Review: A March to Remember
- First-time director Victor Cabaco recreates a tragic historical episode that took place in Spain in 1976, with support from the audio-visual archives
Following the death of infamous dictator Francisco Franco in 1975, Spain did not embrace liberty, justice and equal rights overnight; the fight against state tyranny was not yet over. A March to Remember [+see also:
film profile] pays tribute to that longer struggle. A fiction film based on true events, it marks the directorial debut of Santander’s Víctor Cabaco. Cabaco has recreated that eventful period in history through props, costumes and hairstyling, working with a script written by Juan Ibarrondo and Héctor Amado and a cast including Ruth Díaz (who won the Best Actress award in Venice in 2016 for her performance in The Fury of a Patient Man [+see also:
interview: Raúl Arévalo
film profile]), Mikel Iglesias and Amaia Aberasturi. He also draws extensively on documentary images and authentic police radio recordings, relics of the tragic day recalled by the film — Cabaco’s first full-length feature and a contender in the First Feature Competition at the Black Nights Festival in Tallinn.
With Álvaro Herrero’s editing creating some high-impact, fast-action moments and an overly epic score by José Luis Canal, A March to Remember has a certain feel reminiscent of a nostalgia-drenched TV series, but don’t be fooled: it quickly distances itself from period-drama cosiness and heads straight to the still-raw heart of this bloody and shameful episode, which occurred just as Spain was leaving the dictatorship behind it and embarking on a new era as a parliamentary monarchy. After decades of imposing their abuses through fear, intimidation and violence, those wielding power in Spain were not prepared to sit back and allow society to change.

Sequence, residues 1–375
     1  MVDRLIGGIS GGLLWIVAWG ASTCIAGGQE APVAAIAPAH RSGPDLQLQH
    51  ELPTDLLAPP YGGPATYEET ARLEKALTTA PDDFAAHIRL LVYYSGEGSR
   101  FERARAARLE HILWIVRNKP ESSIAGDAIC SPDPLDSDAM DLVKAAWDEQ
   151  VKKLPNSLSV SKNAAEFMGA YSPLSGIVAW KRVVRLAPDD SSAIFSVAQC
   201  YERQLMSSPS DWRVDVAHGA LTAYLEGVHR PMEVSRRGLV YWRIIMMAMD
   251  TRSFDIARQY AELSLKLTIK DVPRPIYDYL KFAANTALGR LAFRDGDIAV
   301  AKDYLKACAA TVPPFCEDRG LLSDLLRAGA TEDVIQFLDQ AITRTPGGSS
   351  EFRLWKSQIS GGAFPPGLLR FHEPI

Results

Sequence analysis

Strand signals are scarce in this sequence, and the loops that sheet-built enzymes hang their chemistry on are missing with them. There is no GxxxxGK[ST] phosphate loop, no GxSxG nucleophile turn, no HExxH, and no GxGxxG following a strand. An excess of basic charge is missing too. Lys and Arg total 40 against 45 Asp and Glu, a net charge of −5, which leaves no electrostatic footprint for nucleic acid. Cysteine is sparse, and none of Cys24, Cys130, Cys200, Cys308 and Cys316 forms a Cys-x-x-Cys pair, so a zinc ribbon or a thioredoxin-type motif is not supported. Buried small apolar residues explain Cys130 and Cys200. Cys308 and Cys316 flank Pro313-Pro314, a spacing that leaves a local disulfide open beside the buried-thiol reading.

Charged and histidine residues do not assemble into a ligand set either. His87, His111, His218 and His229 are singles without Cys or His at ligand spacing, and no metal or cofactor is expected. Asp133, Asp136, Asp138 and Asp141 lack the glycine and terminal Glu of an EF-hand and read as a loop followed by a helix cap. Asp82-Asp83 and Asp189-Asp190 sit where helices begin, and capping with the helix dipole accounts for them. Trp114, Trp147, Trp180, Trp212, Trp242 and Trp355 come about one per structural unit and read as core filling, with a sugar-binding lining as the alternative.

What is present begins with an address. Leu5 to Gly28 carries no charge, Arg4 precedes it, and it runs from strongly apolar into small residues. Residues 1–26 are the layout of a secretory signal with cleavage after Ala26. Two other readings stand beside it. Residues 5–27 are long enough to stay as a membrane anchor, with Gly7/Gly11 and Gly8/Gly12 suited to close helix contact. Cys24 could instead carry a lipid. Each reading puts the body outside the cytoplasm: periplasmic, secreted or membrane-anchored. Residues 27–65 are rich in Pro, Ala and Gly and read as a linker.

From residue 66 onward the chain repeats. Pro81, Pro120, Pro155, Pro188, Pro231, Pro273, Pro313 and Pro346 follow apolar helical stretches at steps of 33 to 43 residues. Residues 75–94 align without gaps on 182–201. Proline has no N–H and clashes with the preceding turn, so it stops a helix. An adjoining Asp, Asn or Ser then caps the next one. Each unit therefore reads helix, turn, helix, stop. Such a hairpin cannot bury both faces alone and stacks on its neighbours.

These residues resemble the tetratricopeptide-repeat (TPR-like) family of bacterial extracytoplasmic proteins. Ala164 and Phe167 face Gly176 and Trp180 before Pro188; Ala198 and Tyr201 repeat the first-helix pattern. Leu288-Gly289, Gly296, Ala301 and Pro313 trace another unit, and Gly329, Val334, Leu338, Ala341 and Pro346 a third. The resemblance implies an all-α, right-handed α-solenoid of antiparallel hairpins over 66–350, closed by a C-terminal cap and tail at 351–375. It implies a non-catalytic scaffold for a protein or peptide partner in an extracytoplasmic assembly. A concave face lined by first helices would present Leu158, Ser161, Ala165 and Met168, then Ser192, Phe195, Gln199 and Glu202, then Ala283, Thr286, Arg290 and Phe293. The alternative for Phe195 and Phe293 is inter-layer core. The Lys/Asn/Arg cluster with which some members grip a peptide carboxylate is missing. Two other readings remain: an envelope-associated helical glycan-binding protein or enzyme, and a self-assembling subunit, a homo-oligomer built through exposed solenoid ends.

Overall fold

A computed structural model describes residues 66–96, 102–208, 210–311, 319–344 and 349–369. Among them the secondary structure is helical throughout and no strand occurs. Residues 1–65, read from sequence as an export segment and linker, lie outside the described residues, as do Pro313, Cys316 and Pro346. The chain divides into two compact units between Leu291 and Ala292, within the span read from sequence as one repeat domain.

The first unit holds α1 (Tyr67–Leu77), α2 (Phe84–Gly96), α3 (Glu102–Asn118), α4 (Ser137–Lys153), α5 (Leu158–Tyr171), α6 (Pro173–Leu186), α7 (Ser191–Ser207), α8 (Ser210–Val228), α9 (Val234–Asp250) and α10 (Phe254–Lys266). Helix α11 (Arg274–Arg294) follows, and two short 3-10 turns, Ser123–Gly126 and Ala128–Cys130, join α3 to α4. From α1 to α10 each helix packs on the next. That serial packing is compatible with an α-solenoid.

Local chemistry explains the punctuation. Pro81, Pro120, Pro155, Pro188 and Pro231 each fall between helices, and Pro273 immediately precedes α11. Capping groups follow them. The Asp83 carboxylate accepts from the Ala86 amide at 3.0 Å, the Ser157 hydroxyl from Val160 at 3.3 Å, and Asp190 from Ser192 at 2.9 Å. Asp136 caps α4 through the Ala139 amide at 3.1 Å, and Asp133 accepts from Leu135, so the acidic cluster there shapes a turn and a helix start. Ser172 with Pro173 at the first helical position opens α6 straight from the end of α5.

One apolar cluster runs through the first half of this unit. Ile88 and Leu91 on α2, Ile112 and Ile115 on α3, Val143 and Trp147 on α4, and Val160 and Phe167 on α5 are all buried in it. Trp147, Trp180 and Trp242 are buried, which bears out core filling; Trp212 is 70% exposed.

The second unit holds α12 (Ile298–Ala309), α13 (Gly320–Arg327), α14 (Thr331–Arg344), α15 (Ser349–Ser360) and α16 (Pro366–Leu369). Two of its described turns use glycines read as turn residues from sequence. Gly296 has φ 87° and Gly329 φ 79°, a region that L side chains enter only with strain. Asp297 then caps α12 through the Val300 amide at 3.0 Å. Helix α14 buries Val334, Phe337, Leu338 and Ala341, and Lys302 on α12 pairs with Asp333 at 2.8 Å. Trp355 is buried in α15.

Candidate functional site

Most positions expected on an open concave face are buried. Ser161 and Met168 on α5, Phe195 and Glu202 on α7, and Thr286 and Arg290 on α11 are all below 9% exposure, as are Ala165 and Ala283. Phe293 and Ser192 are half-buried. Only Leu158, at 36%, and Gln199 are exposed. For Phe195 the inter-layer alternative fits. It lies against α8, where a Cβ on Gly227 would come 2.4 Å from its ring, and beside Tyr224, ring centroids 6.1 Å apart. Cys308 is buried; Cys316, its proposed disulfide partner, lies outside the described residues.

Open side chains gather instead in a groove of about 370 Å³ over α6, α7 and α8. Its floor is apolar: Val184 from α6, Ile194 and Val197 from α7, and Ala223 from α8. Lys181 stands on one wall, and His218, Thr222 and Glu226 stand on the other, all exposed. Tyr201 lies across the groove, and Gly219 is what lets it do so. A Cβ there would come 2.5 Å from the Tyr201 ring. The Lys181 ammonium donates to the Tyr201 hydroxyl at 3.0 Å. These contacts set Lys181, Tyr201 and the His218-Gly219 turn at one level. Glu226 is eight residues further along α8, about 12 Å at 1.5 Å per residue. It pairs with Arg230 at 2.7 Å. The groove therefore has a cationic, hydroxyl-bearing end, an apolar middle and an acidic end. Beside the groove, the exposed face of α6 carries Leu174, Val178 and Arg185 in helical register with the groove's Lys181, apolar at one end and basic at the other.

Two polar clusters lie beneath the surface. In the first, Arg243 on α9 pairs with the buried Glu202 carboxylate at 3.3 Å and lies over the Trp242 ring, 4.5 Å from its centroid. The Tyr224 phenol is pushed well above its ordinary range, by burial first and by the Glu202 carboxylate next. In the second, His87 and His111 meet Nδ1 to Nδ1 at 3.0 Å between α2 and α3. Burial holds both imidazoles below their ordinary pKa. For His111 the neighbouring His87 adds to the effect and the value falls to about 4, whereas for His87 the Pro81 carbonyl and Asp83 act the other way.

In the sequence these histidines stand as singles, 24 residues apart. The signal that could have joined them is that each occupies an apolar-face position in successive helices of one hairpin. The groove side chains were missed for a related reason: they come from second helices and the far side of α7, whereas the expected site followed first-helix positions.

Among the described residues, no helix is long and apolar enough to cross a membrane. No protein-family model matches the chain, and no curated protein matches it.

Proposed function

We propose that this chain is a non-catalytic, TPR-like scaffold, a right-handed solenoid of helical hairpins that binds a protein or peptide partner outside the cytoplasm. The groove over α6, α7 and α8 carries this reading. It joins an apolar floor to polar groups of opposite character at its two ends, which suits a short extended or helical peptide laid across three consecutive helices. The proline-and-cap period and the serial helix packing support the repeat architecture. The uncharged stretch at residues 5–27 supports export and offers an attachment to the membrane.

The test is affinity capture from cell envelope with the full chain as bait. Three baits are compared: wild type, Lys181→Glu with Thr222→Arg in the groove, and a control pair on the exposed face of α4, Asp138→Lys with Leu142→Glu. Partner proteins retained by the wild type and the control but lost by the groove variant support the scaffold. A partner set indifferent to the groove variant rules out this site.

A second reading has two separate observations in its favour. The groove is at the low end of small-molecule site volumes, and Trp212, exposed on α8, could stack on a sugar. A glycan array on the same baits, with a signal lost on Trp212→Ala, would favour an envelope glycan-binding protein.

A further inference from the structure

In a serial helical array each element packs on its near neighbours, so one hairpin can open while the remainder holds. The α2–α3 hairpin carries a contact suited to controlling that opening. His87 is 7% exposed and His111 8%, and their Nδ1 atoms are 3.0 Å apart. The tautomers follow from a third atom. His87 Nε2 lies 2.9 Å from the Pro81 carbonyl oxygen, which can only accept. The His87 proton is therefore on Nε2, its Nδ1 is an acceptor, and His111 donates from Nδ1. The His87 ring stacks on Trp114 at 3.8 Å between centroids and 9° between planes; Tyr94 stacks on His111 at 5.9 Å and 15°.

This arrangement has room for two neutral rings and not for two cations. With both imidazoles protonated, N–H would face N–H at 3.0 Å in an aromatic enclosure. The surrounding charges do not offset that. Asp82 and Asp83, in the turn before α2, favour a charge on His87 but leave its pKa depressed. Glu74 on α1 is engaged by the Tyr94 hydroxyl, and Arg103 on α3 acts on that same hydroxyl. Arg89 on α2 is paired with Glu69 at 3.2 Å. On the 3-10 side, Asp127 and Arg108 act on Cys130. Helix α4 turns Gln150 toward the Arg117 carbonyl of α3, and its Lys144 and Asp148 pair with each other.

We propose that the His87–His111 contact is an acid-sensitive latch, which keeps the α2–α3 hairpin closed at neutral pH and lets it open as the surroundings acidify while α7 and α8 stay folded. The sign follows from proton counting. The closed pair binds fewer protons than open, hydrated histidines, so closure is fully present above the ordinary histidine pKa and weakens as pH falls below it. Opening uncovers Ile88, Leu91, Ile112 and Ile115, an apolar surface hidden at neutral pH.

Cabaco — erstwhile assistant director to Kepa Sojo, the Ibarretxe brothers and Koldo Serra, as well as having directed episodes of TV series Compañeros — evokes those turbulent days by honing in on one middle-class family that will be profoundly changed by events in their home town, the Basque city of Vitoria. The father, a journalist, will be subjected to blackmail by his powerful bosses, while his daughter secretly joins the workers’ cause, supporting a general strike and taking part in rallies violently dispersed by armed police. It is precisely this active feminine role in the events portrayed that scores extra points for this well-made and generally well-acted film, which pointedly reminds us that the murder of five workers, ordered by the central government, remains shamefully unpunished.
The world premiere of A March to Remember took place last September at the EiTB Gala as part of the 66th San Sebastián International Film Festival. Produced by Zaramaga Films AIE – Sonora Estudios and Gariza Films, with support from ICAA, it will be distributed by Barton Films. Filmax is handling international sales.
(Translated from Spanish)
Did you enjoy reading this article? Please subscribe to our newsletter to receive more stories like this directly in your inbox.